Tried twice for the same offense? Supreme Court to hear double jeopardy case
Though the Constitution states that no person "shall be subject for the same offense to be twice put in jeopardy of life or limb," people are regularly sentenced by both state and federal government. The Supreme Court is set to make a decision on whether that practice should continue.
The Supreme Court is set to hear arguments about an exception to the Constitution's ban on being tried for the same offense. The outcome could have a spillover effect on the investigation into Russian meddling in the 2016 election.
The justices are taking up an appeal Dec. 6 from federal prison inmate Terance Gamble. He was prosecuted separately by Alabama and the federal government for having a gun after an earlier robbery conviction.
The high court is considering whether to overturn a court-created exception to the Constitution's double-jeopardy bar that allows state and federal prosecutions for the same crime. The court's ruling could be relevant if President Trump were to pardon someone implicated in special counsel Robert Mueller's probe and a state wanted to pursue its own charges against that person.
Supreme Court lawyer Tom Goldstein joked at a Washington event before the term began in October that the high court case should be called New York v. Manafort, a reference to former Trump campaign manager Paul Manafort. Mr. Trump has refused to rule out an eventual pardon for Mr. Manafort, who has been convicted of federal financial fraud and conspiracy crimes. It's by no means certain that the high court ruling will affect future prosecutions.
But Trump's Justice Department is urging the court not to depart from what it says is an unbroken line of cases reaching back nearly 170 years in favor of allowing prosecutions by state and federal authorities. Thirty-six states that include Republican-led Texas and Democratic-led New York are on the administration's side, as are advocates for Native American women who worry that a decision for Mr. Gamble would make it harder to prosecute domestic and sexual violence crimes.
Civil rights scholars at Howard University adopt a sort of middle ground that urges the court to at least preserve the federal government's ability to lead civil rights prosecutions against people who have been acquitted of state charges. Civil rights charges to fight crimes of racial violence have been a key tool for federal prosecutors, especially when Southern juries were unwilling to convict defendants. The most recent example the scholars cited is the successful federal prosecution of Los Angeles police officers who had been acquitted of state charges in the beating of Rodney King.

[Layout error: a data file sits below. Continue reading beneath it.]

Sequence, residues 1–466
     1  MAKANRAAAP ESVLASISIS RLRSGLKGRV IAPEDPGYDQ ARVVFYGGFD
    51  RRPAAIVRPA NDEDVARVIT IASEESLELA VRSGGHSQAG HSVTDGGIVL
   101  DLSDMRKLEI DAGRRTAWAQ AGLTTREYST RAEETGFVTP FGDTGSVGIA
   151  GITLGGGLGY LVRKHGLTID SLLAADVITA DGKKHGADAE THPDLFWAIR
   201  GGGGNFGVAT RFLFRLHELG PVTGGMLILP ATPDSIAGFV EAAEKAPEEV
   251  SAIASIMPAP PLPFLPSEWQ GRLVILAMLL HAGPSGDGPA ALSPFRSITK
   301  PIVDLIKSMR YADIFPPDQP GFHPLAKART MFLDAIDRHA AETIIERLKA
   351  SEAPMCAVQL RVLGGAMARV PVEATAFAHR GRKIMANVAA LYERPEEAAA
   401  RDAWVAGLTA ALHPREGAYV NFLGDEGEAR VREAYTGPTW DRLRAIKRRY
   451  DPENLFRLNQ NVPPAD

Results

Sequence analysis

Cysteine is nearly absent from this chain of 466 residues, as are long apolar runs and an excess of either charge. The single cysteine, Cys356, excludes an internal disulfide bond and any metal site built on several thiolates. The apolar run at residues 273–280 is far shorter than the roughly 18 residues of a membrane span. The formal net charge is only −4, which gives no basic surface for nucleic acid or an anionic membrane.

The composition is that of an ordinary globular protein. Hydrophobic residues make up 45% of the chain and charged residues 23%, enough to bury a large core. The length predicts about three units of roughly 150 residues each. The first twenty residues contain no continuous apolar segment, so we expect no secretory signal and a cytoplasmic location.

On the other side, liberal and conservative groups say that the huge growth in federal criminal prosecutions in recent decades makes it urgent for the court to rein in successive prosecutions for the same crime.
Reinforcing the seemingly odd alliances in play on this issue, the unlikely high court duo of Justices Ruth Bader Ginsburg and Clarence Thomas first suggested in 2016 that the topic "bears fresh examination in an appropriate case."
At least four justices – the minimum required to hear arguments – felt Gamble's situation is that appropriate case.
There is no dispute that Gamble's arrest in 2015 for possessing a 9 mm handgun led to state and federal charges. He pleaded guilty in state court and tried to have the federal charge dismissed. When that failed, he pleaded guilty in federal court as well, with the idea of mounting the constitutional challenge that is now before the Supreme Court.
Gamble is not scheduled for release from prison until 2020, nearly three years later than he would have been freed from conviction on state charges alone, his lawyer, Louis Chaiten, wrote in court papers.
The relevant portion of the Constitution's Fifth Amendment says that no person shall "be subject for the same offense to be twice put in jeopardy of life or limb."
Mr. Chaiten said the language is clearly on Gamble's side. "The text of the Double Jeopardy Clause contemplates no exceptions to its blanket guarantee of protection from double prosecution and punishment for the same offense," Chaiten wrote.
The administration countered that the American legal system has long viewed violations of state and federal law as separate offenses, even if they result from the same conduct. The court should not "invite the serious practical consequences of categorically precluding politically accountable officials from ever determining that a separate prosecution is warranted – which would hamstring state, tribal, and federal law enforcement," Deputy Solicitor General Jeffrey Wall wrote.
A decision in Gamble v. United States, 17-646, is expected by late June.
This story was reported by The Associated Press.